“It appears the looming tempest has finally reached us.” Once again, the old woman snuck up on me, only revealing her presence when she spoke.
I turned to her. She showed no signs of concern. No smile or frown. No emotion at all, really. She just stood and waited for me to say something, which, after finally finding my voice again, I did. “You said there was ‘one condition’ to our staying the night?”
“Yes,” she answered. “As you have undoubtedly discovered by now, this is no ordinary Bed and Breakfast. A typical reservation is made a full year in advance. The experience of spending a night in Bedside Manor is quite valuable--in more ways than one. If you will be present, I expect you to behave as legitimate guests. That means engaging in all of the evening’s activities, exploring the various mysteries, and staying in character. Above all else--” She raised her voice to emphasize this next part. “--You must not let any of the other participants know that you did not pay for a room. Is this understood?”
“Clear as mud,” Jerry answered.
“Excellent. Please follow me to your accommodations.” Her explanation was way too much for me to digest all at once. Activities? Bed and breakfast? Character??? She continued to speak as we followed her up the grand staircase, further from the safety(?) of the outside. “Bedside Manor contains thirteen bedrooms: five for guests, three for family, and an additional five for the servants. At one point, it was considered quite progressive to allow the help to live within the main quarters, but Eustice Bedside saw it as an exercise in practicality. Keep your friends close, and your workers closer.”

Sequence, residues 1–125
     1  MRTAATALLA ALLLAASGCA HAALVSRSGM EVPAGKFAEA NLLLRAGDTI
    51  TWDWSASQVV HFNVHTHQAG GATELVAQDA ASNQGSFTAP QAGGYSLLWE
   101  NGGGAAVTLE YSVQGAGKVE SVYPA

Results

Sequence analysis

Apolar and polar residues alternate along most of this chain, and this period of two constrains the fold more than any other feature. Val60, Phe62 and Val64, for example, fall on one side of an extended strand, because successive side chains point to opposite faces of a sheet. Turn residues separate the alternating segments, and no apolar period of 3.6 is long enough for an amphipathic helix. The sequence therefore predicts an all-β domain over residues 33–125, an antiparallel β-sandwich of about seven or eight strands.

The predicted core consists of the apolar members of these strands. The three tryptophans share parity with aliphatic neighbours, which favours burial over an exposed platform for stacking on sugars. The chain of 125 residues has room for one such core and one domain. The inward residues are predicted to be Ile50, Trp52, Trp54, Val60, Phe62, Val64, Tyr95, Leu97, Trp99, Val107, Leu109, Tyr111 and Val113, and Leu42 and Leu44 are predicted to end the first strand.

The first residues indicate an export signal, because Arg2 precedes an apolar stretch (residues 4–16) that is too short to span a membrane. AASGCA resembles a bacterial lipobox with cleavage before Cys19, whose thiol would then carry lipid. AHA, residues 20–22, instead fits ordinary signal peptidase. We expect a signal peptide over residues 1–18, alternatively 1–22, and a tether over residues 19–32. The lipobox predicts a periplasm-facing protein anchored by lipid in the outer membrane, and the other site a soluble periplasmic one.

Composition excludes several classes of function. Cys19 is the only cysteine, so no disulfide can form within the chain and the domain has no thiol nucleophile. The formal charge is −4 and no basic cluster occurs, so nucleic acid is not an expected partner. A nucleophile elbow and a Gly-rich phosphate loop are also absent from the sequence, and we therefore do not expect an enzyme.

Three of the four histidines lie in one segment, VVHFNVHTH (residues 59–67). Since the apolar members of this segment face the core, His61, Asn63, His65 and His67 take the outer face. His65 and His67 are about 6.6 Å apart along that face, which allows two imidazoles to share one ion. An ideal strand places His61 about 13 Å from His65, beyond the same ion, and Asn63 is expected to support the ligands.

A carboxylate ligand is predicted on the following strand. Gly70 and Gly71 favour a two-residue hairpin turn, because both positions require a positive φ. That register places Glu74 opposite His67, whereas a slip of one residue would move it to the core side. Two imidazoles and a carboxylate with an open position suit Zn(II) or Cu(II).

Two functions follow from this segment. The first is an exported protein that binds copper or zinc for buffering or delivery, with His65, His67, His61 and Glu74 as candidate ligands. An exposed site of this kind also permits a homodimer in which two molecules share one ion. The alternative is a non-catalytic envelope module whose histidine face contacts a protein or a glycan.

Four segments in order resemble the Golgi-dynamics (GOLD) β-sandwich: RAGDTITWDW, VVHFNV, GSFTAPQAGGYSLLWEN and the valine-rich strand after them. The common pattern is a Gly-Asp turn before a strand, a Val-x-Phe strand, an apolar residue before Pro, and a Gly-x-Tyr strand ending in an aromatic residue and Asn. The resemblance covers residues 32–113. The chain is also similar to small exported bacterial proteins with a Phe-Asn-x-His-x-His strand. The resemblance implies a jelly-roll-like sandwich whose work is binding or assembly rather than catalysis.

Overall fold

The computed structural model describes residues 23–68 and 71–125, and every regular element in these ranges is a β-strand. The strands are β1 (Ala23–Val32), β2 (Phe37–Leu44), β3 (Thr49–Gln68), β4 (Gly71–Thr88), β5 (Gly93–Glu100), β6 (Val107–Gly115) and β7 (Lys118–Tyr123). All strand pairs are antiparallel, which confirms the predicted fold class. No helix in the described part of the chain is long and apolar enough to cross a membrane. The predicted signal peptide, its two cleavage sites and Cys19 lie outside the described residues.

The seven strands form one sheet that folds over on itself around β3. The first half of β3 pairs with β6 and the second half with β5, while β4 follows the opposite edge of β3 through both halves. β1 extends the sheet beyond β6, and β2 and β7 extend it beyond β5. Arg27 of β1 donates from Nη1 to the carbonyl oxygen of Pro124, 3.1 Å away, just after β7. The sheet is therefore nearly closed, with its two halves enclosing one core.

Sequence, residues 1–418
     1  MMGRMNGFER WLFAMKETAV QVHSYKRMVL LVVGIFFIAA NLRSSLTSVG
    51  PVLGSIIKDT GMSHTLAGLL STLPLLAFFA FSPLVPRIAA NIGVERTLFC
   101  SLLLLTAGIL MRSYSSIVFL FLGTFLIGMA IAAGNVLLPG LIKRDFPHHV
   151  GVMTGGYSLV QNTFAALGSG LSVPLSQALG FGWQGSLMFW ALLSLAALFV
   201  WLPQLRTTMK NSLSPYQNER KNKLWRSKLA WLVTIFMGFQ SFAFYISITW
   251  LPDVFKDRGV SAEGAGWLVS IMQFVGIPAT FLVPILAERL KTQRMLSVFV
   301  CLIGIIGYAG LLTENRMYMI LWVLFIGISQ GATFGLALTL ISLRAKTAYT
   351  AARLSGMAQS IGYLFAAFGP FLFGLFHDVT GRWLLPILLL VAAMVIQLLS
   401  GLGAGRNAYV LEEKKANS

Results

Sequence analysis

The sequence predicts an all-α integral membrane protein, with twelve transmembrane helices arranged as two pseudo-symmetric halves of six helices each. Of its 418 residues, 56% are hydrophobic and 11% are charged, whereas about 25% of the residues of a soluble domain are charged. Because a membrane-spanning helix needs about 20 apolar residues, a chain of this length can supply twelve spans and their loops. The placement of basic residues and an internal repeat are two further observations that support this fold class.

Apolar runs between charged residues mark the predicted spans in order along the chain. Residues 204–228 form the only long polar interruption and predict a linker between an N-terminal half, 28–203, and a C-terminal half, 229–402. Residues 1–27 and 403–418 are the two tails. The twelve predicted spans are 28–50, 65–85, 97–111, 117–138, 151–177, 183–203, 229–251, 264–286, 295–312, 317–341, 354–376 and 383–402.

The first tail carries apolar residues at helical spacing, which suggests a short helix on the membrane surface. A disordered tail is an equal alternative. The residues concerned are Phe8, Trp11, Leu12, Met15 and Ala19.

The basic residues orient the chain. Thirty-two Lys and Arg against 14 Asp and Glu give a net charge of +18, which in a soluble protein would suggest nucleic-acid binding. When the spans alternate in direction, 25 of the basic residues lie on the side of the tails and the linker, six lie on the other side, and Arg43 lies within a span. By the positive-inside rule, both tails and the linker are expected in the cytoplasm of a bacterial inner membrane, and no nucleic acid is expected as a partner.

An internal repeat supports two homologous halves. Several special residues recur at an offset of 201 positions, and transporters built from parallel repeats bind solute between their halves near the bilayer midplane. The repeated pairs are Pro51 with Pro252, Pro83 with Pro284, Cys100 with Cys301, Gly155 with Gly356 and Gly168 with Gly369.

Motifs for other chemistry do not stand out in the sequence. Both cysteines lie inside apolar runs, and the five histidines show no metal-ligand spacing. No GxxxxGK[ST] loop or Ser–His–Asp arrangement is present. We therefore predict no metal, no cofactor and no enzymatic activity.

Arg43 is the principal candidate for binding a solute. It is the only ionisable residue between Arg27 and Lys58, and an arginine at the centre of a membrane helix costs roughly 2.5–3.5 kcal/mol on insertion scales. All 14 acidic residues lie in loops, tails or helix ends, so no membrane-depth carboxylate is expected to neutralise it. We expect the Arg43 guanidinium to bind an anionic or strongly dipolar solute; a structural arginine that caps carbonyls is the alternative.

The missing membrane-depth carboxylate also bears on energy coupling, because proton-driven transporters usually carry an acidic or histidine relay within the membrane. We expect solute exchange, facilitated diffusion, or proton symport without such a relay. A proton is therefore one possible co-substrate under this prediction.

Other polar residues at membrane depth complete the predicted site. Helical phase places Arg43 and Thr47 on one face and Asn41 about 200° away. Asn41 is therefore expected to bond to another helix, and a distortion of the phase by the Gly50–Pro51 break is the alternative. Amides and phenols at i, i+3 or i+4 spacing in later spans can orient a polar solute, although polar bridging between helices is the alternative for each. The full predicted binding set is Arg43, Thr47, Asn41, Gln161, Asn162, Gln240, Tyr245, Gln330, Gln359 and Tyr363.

I hung back a few steps and caught Jerry at a safe whispering distance.
“That storm really came out of nowhere.”
“It’s a cloud burst,” he said with a shrug. “They happen.”
“I got sunburned walking up the hill. There wasn’t a cloud in the sky.”
“Good thing we got here when we did, huh?” He wasn’t taking the hint.
“Yeah,” I said, resigning myself to the situation. “Good thing.”
The old woman reached the top of the landing and waited silently for us to catch up. When we were together again, she continued the monologue, explaining the sordid history of the generations of Bedsides like it would somehow be relevant to the plot or something. I wasn’t really paying attention. I just assumed Jerry was listening and could fill me in later.
Before we knew it, we were standing beside a reddish brown door with a mercury knob and a brass nameplate above the frame that read: “Woodrow Harper. (1846-1857)”
“Do you have any questions for me at this time?” she asked.
“Is there a WiFi password?” Jerry asked.
“Bedside Manor offers a full experience in the immersion of a simpler time. We have neither computers nor television machines. Save for emergencies, the telephone will not be available to anyone during the course of their stay.”
I asked the next question, “And what did you say your name was?”
“My name is Margaret. Margaret Bedside. But you may call me ‘Maggie.’”
“Thank you, Maggie.”
She offered us the key, as well as a strange apology--“So sorry. I’m afraid there’s only one bed in the Woodrow Harper suite.”
I took the key and replied, “That won’t be a problem.”
She looked like there was something she wanted to say but didn’t. Instead, “I’ll leave you two to get cleaned up. Please feel free to use any clothing you find in the armoire. Dinner begins at seven sharp. There will be a chance for social mingling at six. I expect to see you both there.”